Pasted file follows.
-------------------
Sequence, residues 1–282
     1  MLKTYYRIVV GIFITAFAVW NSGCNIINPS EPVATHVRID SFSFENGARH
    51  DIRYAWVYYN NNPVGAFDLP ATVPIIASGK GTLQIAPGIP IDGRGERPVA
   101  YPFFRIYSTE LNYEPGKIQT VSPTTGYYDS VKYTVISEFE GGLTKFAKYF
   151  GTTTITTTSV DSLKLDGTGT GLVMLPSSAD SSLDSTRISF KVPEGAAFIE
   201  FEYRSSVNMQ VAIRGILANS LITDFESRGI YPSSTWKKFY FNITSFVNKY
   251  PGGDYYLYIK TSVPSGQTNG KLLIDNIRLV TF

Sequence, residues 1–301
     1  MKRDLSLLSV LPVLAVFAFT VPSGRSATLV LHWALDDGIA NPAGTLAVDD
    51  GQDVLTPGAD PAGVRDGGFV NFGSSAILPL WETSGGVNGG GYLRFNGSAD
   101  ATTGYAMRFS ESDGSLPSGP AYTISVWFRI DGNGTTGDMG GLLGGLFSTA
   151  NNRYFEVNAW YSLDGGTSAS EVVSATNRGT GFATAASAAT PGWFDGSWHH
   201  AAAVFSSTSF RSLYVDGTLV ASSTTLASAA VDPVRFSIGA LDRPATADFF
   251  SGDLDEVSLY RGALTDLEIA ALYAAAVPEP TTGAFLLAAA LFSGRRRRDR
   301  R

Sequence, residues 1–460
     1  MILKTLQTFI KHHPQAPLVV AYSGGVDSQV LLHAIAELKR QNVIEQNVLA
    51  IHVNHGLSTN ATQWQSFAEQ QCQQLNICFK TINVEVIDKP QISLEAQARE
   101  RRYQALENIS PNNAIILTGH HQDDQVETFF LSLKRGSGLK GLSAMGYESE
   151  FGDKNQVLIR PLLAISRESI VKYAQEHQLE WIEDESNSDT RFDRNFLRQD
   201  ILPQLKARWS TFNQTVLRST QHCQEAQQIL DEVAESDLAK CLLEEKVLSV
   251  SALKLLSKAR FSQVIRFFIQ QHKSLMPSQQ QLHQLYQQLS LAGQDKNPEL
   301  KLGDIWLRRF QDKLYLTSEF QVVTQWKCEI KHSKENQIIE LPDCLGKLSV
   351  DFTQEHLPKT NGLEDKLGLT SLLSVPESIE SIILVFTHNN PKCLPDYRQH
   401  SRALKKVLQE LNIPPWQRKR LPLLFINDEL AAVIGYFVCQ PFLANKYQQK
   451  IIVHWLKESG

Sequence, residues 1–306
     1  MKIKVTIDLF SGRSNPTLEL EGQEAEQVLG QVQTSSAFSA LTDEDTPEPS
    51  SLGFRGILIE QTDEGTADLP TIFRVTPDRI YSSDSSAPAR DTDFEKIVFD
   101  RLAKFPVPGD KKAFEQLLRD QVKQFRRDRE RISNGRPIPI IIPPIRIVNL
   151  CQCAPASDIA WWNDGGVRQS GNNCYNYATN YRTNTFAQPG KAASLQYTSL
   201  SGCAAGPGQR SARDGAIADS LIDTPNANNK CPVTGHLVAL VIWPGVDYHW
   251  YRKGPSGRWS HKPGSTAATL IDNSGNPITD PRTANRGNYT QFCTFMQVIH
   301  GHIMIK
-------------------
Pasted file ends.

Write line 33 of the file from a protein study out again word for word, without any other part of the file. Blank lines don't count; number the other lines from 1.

   251  YRKGPSGRWS HKPGSTAATL IDNSGNPITD PRTANRGNYT QFCTFMQVIH